Bottom Line: Large differences were also evident in de novo biosynthesis of riboses in the free nucleotide pools, as well as entry of glucose carbon into the pyrimidine rings in the free nucleotide pool.The myocytes showed evidence of de novo synthesis of glycogen, which was absent in the Rh30 cells.The data further show that the mitochondria remain functional in Krebs' cycle activity and respiratory electron transfer that enables continued accelerated glycolysis.

View Article: PubMed Central - HTML - PubMed

Affiliation: Department of Chemistry, University of Louisville, KY, USA. twmfan@gmail.com

ABSTRACT

Background: The functional status of a cell is expressed in its metabolic activity. We have applied stable isotope tracing methods to determine the differences in metabolic pathways in proliferating Rhabdomysarcoma cells (Rh30) and human primary myocytes in culture. Uniformly 13C-labeled glucose was used as a source molecule to follow the incorporation of 13C into more than 40 marker metabolites using NMR and GC-MS. These include metabolites that report on the activity of glycolysis, Krebs' cycle, pentose phosphate pathway and pyrimidine biosynthesis.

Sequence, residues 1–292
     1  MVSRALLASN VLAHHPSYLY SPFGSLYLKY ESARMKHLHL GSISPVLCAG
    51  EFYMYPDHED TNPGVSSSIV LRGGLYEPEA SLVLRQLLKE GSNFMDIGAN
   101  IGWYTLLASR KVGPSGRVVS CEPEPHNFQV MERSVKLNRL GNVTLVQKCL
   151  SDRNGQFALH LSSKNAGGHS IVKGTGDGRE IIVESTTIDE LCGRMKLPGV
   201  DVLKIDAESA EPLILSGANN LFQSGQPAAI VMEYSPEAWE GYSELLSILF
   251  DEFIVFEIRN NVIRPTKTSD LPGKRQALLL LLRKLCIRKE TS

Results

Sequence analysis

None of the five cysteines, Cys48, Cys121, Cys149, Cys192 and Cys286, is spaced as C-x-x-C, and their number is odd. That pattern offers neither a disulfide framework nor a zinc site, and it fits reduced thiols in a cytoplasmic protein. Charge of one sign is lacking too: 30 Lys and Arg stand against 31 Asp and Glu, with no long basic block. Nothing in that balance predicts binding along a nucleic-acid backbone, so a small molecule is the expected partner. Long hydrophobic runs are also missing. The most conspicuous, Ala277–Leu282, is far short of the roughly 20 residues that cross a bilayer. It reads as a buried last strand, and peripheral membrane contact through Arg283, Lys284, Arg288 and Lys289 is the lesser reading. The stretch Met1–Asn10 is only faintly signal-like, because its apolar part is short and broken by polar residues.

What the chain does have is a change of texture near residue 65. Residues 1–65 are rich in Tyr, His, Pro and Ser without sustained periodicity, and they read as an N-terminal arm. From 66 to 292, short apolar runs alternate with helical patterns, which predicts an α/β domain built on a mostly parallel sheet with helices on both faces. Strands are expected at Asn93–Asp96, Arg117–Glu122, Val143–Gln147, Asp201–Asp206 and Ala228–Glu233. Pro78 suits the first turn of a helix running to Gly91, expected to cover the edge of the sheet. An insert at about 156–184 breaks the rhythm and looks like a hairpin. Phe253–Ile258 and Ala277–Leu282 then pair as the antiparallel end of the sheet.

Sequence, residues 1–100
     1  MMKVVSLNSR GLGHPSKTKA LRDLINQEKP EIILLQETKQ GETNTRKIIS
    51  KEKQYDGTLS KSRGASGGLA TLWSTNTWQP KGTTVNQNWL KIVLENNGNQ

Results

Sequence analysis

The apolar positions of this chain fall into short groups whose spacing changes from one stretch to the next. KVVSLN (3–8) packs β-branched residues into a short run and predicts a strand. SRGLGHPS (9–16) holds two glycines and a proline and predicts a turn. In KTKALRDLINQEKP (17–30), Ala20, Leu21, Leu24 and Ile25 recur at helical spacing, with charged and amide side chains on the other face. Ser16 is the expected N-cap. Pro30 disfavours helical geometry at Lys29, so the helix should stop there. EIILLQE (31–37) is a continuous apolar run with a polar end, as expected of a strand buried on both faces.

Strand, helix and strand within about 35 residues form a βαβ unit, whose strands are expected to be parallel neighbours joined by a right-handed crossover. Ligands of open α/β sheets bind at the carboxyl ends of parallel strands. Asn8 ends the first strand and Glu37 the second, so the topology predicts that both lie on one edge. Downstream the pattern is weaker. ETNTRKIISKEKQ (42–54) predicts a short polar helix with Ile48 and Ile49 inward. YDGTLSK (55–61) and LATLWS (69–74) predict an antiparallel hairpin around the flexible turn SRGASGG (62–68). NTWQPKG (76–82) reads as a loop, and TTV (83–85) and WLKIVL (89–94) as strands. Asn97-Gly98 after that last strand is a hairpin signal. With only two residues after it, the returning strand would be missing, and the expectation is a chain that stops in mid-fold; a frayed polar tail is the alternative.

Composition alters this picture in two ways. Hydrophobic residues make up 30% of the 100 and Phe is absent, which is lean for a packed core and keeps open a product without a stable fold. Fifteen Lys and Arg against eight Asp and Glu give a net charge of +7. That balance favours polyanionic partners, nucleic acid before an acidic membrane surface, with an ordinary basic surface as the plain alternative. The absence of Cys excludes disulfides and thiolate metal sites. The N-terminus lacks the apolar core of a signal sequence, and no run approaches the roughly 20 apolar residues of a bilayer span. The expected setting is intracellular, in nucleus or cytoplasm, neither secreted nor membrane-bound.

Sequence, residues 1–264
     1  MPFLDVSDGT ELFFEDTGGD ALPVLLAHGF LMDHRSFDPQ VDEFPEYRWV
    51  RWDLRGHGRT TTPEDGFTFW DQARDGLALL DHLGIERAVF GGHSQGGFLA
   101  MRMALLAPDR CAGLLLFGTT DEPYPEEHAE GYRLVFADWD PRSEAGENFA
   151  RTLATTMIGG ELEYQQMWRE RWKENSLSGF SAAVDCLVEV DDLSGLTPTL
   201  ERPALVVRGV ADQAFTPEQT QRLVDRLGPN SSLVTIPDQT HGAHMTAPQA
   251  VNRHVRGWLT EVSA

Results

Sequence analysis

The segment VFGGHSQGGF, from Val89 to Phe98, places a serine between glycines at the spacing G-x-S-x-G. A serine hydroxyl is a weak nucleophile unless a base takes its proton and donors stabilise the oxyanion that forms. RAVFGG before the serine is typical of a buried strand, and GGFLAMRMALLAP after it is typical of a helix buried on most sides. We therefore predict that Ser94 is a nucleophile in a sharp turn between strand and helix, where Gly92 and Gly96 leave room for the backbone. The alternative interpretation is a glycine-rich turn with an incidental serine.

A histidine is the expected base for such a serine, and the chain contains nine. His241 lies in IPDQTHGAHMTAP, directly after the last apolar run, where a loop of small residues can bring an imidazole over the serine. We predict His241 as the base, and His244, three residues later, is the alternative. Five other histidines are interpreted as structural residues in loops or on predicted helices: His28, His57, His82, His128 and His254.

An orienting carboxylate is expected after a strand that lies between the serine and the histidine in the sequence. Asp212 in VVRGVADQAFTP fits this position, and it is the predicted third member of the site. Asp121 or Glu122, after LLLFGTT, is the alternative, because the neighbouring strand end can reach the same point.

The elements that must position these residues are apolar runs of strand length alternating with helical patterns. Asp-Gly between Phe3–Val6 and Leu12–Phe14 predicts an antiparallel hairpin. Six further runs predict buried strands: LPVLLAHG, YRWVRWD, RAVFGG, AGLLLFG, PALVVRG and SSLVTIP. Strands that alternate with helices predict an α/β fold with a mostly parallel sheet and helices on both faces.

Results: The Rh30 cells proliferated faster than the myocytes. Major differences in flux through glycolysis were evident from incorporation of label into secreted lactate, which accounts for a substantial fraction of the glucose carbon utilized by the cells. Krebs' cycle activity as determined by 13C isotopomer distributions in glutamate, aspartate, malate and pyrimidine rings was considerably higher in the cancer cells than in the primary myocytes. Large differences were also evident in de novo biosynthesis of riboses in the free nucleotide pools, as well as entry of glucose carbon into the pyrimidine rings in the free nucleotide pool. Specific labeling patterns in these metabolites show the increased importance of anaplerotic reactions in the cancer cells to maintain the high demand for anabolic and energy metabolism compared with the slower growing primary myocytes. Serum-stimulated Rh30 cells showed higher degrees of labeling than serum starved cells, but they retained their characteristic anabolic metabolism profile. The myocytes showed evidence of de novo synthesis of glycogen, which was absent in the Rh30 cells.

Conclusion: The specific 13C isotopomer patterns showed that the major difference between the transformed and the primary cells is the shift from energy and maintenance metabolism in the myocytes toward increased energy and anabolic metabolism for proliferation in the Rh30 cells. The data further show that the mitochondria remain functional in Krebs' cycle activity and respiratory electron transfer that enables continued accelerated glycolysis. This may be a common adaptive strategy in cancer cells.

Show MeSH
Related in: MedlinePlus